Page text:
Omicron variant

Photo: Stock/Canva

Time for calm: Leading scientists ease fears over Omicron variant

The highly-mutated Omicron variant has been responsible for a mass global panic this week. But multiple experts aren’t feeling so fearful.

Omicron variant

Photo: Stock/Canva

It has been a scary few days for South Africans, and the sense of dread that first emerged from the Health Department’s press conference on Thursday has now spread around the world. Omicron is the latest COVID-19 variant to put us all on edge – but we’re already seeing some of the world’s top scientists dial down the fear factor on this new mutation.

Omicron variant: Perhaps it’s not all doom and gloom?

Angelique Coetzee, the chair of the SA Medical Association, was one of the first health experts to share her first-hand experiences of dealing with the Omicron strain. As it stands, Coetzee says that symptoms for patients infected with the new variant are ‘extremely mild’. So this thing could be more transmissible, but less debilitating:

“It may be it’s highly transmissible, but so far the cases we are seeing are extremely mild, Maybe two weeks from now I will have a different opinion, but this is what we are seeing.”

“In the cases of Omicron we have seen so far, it presents mild disease with main symptoms being sore muscles and tiredness for a day or two, or not feeling well. So far, we have detected that those infected do not suffer a loss of taste or smell. They might have a slight cough. There are no prominent symptoms.”

SAMA Chair Angelique Coetzee

Vaccine protection ‘likely to remain robust’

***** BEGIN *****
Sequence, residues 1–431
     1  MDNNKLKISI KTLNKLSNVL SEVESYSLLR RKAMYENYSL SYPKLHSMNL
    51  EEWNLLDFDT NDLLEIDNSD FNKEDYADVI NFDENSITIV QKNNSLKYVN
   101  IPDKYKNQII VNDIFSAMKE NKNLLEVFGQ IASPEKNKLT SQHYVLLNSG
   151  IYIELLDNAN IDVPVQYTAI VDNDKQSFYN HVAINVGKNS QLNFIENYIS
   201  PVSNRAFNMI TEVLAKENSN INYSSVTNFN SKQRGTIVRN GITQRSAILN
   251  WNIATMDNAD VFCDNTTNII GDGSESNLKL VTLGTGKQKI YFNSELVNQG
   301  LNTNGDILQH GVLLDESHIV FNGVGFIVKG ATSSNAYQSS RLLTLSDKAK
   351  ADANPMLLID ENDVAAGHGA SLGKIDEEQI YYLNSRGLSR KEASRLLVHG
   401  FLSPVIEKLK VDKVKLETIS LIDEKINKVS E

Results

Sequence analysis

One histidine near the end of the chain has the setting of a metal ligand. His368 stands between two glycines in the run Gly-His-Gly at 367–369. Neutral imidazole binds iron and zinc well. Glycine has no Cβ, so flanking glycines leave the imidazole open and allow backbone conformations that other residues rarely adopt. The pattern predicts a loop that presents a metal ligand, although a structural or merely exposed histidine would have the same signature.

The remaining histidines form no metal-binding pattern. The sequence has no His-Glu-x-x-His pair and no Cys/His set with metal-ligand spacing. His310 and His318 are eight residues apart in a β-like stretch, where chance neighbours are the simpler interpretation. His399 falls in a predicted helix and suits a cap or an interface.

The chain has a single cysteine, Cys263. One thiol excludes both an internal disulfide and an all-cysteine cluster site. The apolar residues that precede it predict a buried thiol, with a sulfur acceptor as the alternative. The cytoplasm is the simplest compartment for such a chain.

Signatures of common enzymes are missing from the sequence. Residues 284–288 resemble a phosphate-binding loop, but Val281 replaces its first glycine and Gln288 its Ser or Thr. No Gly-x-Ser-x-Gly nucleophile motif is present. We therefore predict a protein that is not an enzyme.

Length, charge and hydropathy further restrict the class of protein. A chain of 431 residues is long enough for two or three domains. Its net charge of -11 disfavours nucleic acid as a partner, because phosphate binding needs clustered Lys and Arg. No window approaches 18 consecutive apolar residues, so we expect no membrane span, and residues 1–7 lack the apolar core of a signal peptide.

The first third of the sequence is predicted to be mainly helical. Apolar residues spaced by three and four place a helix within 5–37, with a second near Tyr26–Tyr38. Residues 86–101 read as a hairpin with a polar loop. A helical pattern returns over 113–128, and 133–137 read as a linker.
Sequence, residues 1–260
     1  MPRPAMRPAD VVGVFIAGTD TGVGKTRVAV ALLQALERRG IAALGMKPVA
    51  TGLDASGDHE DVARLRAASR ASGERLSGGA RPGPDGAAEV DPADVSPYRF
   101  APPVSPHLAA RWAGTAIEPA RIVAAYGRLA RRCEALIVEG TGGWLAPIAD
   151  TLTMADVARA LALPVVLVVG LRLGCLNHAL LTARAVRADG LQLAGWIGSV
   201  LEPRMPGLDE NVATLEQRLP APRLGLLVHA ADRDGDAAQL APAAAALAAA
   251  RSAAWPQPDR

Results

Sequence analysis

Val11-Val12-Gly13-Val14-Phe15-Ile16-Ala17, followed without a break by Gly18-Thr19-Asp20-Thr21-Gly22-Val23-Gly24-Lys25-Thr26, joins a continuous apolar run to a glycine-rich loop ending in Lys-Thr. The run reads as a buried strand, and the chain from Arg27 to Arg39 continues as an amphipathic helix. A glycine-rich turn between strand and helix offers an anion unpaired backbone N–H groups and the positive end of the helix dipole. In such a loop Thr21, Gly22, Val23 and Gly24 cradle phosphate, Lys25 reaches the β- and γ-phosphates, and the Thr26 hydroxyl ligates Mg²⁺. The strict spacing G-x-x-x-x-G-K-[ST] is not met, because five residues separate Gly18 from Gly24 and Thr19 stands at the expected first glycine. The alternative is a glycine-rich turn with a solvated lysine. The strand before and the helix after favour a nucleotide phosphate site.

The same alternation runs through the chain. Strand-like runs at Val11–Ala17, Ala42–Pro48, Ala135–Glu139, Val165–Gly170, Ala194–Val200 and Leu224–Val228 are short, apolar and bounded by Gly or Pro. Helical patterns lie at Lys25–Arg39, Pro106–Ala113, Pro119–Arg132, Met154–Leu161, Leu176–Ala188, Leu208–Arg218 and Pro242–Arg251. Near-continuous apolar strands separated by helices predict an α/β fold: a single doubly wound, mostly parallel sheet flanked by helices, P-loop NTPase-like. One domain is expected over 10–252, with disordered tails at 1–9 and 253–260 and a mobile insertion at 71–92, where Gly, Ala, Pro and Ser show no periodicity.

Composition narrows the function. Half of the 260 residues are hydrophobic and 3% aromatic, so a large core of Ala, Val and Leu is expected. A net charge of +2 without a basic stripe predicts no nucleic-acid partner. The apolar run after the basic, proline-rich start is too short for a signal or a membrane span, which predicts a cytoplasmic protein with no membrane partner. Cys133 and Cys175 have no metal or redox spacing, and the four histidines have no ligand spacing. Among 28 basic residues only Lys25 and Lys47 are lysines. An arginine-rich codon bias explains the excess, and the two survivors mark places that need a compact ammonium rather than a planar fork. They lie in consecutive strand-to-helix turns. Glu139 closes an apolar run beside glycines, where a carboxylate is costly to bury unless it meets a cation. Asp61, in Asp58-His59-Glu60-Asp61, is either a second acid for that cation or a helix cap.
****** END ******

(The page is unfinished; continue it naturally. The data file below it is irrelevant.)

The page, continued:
That’s a great sign for our vaccine programme – which is going to be a common theme in this article. If you’re still not convinced about getting the jab, now is the time to have a proper rethink: Shabir Madhi, the professor of vaccinology at Wits University, has moved to dismiss concerns about Omicron being able to ‘evade vaccine immunity’.

Professor Madhi is convinced that vaccinated people will still have ‘comparable protection against severe COVID’, due to the fact that our virus-busting T-cells can still do their job – regardless of the variant’s composition.

“As vaccines also induce a T-cell response against a diverse set of epitopes, which appears to be important for prevention of severe COVID, it is likely that they would still provide comparable protection against severe Covid due to Omicron compared with other variants. We must learn to live with the virus, and take a holistic view on the pandemic.”

“The detrimental indirect economic, societal, educational, mental health and other health effects of a sledgehammer approach to dealing with the ongoing pandemic threatens to outstrip the direct effect of COVID in South Africa.”

Professor Shabir Madhi

Omicron could be more transmissible, but not ‘vaccine-proof’

T-cell response looks like it will be our strongest line of defence against Omicron, too. Chris Whitty, the Chief Medical Officer for the UK, was quick to raise this during a briefing on Saturday evening.